Instead, make sure you’re studying in a way that’s challenging yourself. Instead of skimming the practice questions and thinking, “Yeah, I’ve got that down’, give them a go. Reading and re-reading is easy, but flash cards are more difficult. Also, there’s a strong relationship between the amount of past papers students sit and how well they do in the real thing.
Now is the time to try some more uncomfortable study methods; because if it makes you more comfortable in the exam, it’ll be worth it.
4. Grades aren’t the be-all and end-all
Good grades will make you feel proud for a long time (exhibit: your parents talking about what they got in biology back in the day); however, a disappointing grade won’t end your world.
Exams are as much of a learning process as the studying is, so don’t worry if you can’t bang out E’s every time – even the best athletes in the world have bad days. Exam anxiety is definitely a common issue that can affect our performance and mindset, but you can reassure yourself that the worst case scenario still isn’t that bad.
What you get in Level 2 gene expression doesn’t have to stay with you for the rest of your life. Give it your best go, and if it’s truly your best go, you’ll be good. More than that, you’ll get some lessons for the next exams, which may mean more.
5. It’s okay to try
High school culture has always viewed academic success and being ‘cool’ as very – and sometimes exclusively – independent. There seems to be a societal expectation that we crap on exams and our own academic achievement like they’re death and taxes; when in reality, they can be more like KiwiSaver: put work in now, get a yacht when you retire.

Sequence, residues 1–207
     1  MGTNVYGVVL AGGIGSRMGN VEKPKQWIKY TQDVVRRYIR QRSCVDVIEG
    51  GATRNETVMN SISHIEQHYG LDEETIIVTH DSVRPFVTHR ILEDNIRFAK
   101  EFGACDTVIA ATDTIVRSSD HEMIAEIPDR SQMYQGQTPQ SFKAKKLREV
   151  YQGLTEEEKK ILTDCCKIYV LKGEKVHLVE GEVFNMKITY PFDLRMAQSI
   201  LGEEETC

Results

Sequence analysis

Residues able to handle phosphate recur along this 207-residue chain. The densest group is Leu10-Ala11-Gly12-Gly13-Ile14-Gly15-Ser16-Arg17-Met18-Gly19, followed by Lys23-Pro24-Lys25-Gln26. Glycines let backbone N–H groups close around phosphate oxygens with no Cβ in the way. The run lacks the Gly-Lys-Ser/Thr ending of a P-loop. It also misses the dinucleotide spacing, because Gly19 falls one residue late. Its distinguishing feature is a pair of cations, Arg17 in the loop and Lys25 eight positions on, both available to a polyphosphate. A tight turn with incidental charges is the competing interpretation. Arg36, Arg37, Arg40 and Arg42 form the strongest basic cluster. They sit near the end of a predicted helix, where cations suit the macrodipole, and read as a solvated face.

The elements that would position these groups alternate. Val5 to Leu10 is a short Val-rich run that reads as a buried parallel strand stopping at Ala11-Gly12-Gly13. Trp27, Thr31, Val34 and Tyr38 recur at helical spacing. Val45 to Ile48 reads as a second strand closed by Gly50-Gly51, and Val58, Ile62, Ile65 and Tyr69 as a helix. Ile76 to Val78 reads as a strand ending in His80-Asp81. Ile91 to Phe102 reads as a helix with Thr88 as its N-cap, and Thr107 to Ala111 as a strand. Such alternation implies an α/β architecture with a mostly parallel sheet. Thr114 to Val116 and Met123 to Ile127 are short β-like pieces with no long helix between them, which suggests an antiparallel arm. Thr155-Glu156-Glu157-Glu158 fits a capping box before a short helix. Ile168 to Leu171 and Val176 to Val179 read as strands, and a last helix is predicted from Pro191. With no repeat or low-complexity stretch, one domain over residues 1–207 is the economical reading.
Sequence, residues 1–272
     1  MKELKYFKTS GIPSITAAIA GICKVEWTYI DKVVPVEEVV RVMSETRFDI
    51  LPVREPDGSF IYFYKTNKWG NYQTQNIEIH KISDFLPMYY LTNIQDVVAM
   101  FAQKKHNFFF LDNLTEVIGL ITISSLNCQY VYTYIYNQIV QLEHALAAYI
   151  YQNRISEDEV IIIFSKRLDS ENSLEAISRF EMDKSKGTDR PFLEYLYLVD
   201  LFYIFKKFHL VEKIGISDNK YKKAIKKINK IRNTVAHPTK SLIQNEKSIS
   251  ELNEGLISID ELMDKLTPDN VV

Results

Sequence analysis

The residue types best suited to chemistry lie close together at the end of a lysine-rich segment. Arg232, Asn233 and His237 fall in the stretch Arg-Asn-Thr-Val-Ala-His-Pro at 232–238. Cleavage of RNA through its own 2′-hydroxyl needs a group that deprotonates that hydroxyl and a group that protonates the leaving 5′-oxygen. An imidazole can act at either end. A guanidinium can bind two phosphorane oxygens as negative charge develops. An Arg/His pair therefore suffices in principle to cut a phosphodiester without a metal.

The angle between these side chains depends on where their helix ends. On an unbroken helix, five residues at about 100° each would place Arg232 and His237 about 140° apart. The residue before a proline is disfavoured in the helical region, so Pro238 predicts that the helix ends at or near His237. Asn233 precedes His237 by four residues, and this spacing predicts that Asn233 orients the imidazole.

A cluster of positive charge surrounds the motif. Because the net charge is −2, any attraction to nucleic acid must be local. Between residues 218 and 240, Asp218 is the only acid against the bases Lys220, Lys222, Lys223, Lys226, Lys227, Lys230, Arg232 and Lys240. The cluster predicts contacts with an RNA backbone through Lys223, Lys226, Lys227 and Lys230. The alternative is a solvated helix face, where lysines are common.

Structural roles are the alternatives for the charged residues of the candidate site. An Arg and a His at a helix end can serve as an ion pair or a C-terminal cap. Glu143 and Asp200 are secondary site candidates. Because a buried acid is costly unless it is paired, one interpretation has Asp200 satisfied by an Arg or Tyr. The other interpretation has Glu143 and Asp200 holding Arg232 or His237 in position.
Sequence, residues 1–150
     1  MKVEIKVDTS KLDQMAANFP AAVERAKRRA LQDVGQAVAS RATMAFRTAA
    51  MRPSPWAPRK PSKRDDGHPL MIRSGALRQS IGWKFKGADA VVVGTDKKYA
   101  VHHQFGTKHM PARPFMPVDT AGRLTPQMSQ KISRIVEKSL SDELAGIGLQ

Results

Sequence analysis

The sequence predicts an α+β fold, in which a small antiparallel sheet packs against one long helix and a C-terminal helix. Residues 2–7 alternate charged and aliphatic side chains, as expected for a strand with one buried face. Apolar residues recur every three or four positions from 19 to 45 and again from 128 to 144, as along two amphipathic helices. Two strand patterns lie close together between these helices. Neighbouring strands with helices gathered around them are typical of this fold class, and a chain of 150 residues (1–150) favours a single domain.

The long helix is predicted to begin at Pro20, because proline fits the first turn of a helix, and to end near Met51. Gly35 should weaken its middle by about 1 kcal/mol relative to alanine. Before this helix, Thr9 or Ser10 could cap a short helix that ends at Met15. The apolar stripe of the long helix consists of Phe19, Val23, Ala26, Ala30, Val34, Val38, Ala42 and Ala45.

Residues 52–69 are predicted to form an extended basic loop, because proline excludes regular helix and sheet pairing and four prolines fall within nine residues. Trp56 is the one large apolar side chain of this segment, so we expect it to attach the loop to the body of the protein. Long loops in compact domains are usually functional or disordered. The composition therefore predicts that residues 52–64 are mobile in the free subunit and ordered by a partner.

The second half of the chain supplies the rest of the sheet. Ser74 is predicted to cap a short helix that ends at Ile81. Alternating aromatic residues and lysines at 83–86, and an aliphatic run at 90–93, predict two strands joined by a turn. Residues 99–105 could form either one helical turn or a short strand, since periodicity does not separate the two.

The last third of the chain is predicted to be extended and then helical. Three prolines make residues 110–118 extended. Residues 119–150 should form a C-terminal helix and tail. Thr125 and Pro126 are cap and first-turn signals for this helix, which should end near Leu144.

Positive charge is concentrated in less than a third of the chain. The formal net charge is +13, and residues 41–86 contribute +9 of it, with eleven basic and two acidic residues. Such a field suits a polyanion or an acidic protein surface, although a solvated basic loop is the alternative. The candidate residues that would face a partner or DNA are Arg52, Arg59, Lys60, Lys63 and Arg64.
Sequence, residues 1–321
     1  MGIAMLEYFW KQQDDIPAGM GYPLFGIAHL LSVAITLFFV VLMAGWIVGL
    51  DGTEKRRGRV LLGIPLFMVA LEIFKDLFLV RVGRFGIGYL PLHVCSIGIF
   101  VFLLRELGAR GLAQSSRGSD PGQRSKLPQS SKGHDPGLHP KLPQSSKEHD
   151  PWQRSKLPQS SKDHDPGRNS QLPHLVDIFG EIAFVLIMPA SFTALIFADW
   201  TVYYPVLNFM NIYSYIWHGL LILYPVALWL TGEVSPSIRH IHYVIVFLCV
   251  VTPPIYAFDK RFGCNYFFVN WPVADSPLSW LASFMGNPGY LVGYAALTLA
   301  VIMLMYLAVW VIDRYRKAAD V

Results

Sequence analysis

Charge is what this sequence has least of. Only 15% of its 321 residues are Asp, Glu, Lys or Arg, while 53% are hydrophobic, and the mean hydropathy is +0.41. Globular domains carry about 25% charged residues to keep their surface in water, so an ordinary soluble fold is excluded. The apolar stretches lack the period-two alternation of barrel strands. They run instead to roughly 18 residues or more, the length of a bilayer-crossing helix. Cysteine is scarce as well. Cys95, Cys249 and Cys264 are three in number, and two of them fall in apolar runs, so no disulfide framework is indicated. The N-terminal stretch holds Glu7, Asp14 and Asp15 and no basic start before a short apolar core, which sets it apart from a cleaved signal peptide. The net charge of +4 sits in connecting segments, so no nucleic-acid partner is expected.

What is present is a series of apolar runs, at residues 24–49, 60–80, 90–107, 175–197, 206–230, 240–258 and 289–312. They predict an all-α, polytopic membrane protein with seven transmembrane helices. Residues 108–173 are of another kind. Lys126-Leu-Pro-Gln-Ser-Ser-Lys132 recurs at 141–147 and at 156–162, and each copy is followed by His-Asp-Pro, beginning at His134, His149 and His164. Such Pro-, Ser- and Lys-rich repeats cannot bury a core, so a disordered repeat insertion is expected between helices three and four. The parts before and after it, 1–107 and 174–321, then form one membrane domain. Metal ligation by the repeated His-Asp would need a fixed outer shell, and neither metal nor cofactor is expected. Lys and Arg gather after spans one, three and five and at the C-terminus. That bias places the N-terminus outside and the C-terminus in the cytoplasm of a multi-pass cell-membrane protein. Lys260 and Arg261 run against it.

Think of some of the most successful and highly-regarded people on the planet. Chances are, their hard work is what distinguishes them and has put them where they are today. If that’s what makes them cool, then hard work is cool.
At the end of every year, the markers all get together in the marking castle wearing their robes and repeating the exam room instructions over and over in monotonous ritualistic tones. They also write that year’s assessment report for every external, and release it along with the assessment schedules.
The assessment schedules are literally the marking guide the marker will have next to them when they’re marking your exam script. It tells the marker what is needed for A, M, and E, and so it also tells you what you need to give them in order to get A, M, or E.
The assessment report is a list of things that the markers found separated everyone up according to grade boundaries. They tell us what the students who got E did, what the students who got M did, and what were common mistakes.
These gems are undervalued, and not many people look at them when they’re studying. It pays off to check them, even quickly, before heading into your exam!
7. Study =/= hours spent at the library